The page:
First, this book is a compilation of first person accounts, mostly a transcript of interviews and it’s not quite as polished as, say, Laura Hillenbrand’s Unbroken: A World War II Story of Survival, Resilience, and Redemption.  And that lead me to a discussion about “Not all soldiers are authors” and “not many authors are soldiers” with my treasured spouse.  Oh! Logic! Hello, third grade. Let me Venn diagram this thing. Unbroken was written by an author who compiled many hours of questions/answers with witnesses and digging for information and you can see that process in the final product. This book was put together as a memoir of events by the author who was there and events narrated by other survivors surrounding an assault on hill 122 in Normandy during WWII.

Second, when recounting their experiences, soldiers don’t talk about the shooting of enemies so much.  Twenty, thirty years after this experience, they remember with clarity small odd events, conversations, and injuries.  And that’s the part they’re telling us.  The platoon leader, 2LT Flowers, for instance, is hit in one foot with shrapnel, crawls out of his tank, then gets shrapnel wounds in the other leg from an artillery barrage, and tourniquets that injury.  After a day lying in no man’s land and encounters with German Fallschirmjaeger troops, he makes it back to a field hospital, and is remembered decades later by a doctor who treated him because he was in really good shape for a guy who lost both legs.

It’s what they are not talking about that is interesting.  I understand that taking another life, in combat, is a huge deal, or should be. Most guys don’t want to talk about this. But to get the essence of that, in fiction writing, is that something that the writer needs to do?  I’m reminded of the scene in the Princess Bride where Count Rugen says to the Man in Black as he’s torturing him, “And remember, this is for posterity so be honest. How do you feel?” The absurdity of this person standing there with a clipboard recording the victim’s feelings about torture is kind of what I perceive the idea of delving into the personal experience of taking a life in combat.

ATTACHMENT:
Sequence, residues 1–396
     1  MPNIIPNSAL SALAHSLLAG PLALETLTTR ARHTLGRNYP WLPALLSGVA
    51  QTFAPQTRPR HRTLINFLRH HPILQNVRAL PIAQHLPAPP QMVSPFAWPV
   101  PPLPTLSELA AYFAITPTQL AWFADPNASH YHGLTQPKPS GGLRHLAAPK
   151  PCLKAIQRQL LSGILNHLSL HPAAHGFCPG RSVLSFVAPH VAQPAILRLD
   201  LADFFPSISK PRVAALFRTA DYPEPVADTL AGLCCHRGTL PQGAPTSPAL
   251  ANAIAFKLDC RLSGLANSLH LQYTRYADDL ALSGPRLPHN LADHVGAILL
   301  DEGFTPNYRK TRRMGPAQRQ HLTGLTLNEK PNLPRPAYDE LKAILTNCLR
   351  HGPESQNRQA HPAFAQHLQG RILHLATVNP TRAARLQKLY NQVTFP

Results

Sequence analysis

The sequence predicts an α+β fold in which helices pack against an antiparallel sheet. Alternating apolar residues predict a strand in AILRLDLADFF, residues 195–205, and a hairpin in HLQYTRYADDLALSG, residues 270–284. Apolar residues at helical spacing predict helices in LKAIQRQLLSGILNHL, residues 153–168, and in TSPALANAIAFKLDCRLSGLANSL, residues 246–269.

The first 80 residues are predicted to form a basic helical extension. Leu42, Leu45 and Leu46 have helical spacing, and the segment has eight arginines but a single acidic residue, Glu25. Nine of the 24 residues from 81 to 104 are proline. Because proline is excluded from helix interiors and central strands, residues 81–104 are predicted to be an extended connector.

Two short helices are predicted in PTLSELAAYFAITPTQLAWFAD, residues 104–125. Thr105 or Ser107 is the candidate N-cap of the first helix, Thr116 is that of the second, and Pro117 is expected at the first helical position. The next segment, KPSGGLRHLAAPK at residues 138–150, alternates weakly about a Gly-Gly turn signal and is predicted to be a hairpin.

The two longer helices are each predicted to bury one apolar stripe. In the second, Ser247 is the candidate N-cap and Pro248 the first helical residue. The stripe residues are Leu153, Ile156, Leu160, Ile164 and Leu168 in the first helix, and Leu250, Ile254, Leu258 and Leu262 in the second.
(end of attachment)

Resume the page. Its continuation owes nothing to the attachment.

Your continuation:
Nevertheless, you bet your bottom dollar that if you don’t get those feelings written down correctly, someone with combat experience is going to call you on it, and probably give you a one star review and hate on you for a while.  After all, your character didn’t react like everyone else reacts when they deal with this.

Back to They were…

The third point, sort of subject to the second point, is that these soldiers all remembered in detail their injuries or the injuries that happened to others.  Those seem to be fair game for memoirs.  They don’t do it in a dishonorable way–some go out of their way to rain praise on all the soldiers they served with–but there is a considerable amount of detail on the personal experience of each soldier.  We hear what happened to him, how a hatch may have broken someone’s fingers, or the German medic who bandages a GI’s finger in the field, but didn’t have any water and turned his canteen upsidedown to demonstrate it, and so on.  The German medic was remembered by two different guys, and it struck me as odd that a German medic is helping allied personnel, in a sort of I’m-a-medic-and-you’re-injured-so-I-help-you kind of universal mankind helping each other.  Contrasted with the cause of the injury–the medic’s own people shooting at the allied soldiers–it seems to be… counterproductive, I guess?  You’re doing your best to kill the other side, and then when you’ve hurt a bunch of them, you’ve got your guys helping them.